Data rooms are secure physical and virtual locations for the storage of important documents and materials used to conduct due diligence in the purchase of a business. As due diligence involves the inspection of commercially sensitive material, you should have a data room protocol setting out rules and how purchasers can access your data room. Setting out a protocol can reduce risk when providing access to commercially sensitive documents, reduce cost and save you time. We’ll look at why it might be important to have rules and briefly revisit what types of rules you should consider.
Physical Data Rooms
Physical data rooms are rooms in the vendor’s offices where documents relevant to due diligence are categorically stored so that the purchaser or purchaser’s professional advisers can access them.
Should you have the room open 24/7? Only if you want to, and you’re willing to pay the cost of having it open! If not, set out clear rules about when the data room will be open. Stating your data room’s opening times means reducing the number of repetitive queries and allows you to organise a staff member or guard to supervise access, and prevent theft or copying of documents.
It’s also prudent to have someone monitor the room as theft, copying or marking up documents could expose you to liability. For example, an unscrupulous purchaser could mark up financial documents to, after settlement, allege that you’ve interfered with the numbers and must pay compensation. Not a pretty picture and one which highlights the importance of having the data room supervised.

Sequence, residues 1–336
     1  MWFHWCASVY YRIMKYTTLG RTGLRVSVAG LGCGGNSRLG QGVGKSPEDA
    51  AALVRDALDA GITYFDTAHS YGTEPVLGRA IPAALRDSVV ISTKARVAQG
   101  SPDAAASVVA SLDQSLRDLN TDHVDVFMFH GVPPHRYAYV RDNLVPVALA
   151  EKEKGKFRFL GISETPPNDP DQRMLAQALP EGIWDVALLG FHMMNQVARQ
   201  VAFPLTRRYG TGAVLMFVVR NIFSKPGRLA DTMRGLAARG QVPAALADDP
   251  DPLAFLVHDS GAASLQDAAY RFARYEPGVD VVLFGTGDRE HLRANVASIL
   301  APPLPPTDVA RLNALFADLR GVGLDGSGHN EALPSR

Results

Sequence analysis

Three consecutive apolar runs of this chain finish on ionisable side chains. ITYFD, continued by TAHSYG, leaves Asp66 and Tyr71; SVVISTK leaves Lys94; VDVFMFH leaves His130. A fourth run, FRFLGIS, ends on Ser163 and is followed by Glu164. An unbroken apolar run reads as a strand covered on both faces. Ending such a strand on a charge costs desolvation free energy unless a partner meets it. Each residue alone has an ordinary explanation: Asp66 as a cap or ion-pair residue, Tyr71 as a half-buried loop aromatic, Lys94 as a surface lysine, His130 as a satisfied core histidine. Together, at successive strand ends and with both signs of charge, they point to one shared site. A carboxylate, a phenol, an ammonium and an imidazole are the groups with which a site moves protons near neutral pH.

Supervision is also important for following OH&S requirements – you don’t want to be suddenly liable for the purchaser’s staff getting paper cuts!
Virtual Data Rooms
Virtual data rooms (VDR) intrinsically don’t have the same issues with opening and closing times although access remains an issue. For example, you need to ensure that your VDR provider allows the material’s secure storage. Also, you need to set out a clear protocol that only people specified on an ‘access list’ can be admitted. Your protocol should also state that only people on this list can access links.
Have you ever sold a business? If you have, you have likely had to answer a barrage of questions such as how old are the tables and chairs? How much is electricity per month? When does the licence expire?
The purchaser is legitimately permitted to ask questions during due diligence, but it can be taxing fielding them all, and there are ways to ensure that the questions asked are relevant and get to the point. You can specify in your protocol that purchaser should specify whether the question has a high or low priority so you can choose whether to take time out of the working day to answer.
Setting out a protocol for access to your data room can minimise costs as you don’t have to pay for a supervisor to be present at all times for a physical data room. It can address liability if a purchaser marks up or copies a document in the data room without your permission. You can also reduce the number of questions you deal with, by setting out that questions should be relevant and specified with a high or low priority level. Finally, you should also speak with a commercial lawyer about have a disclaimer or protocol drafted to protect your data room. Questions? Get in touch on 1300 544 755.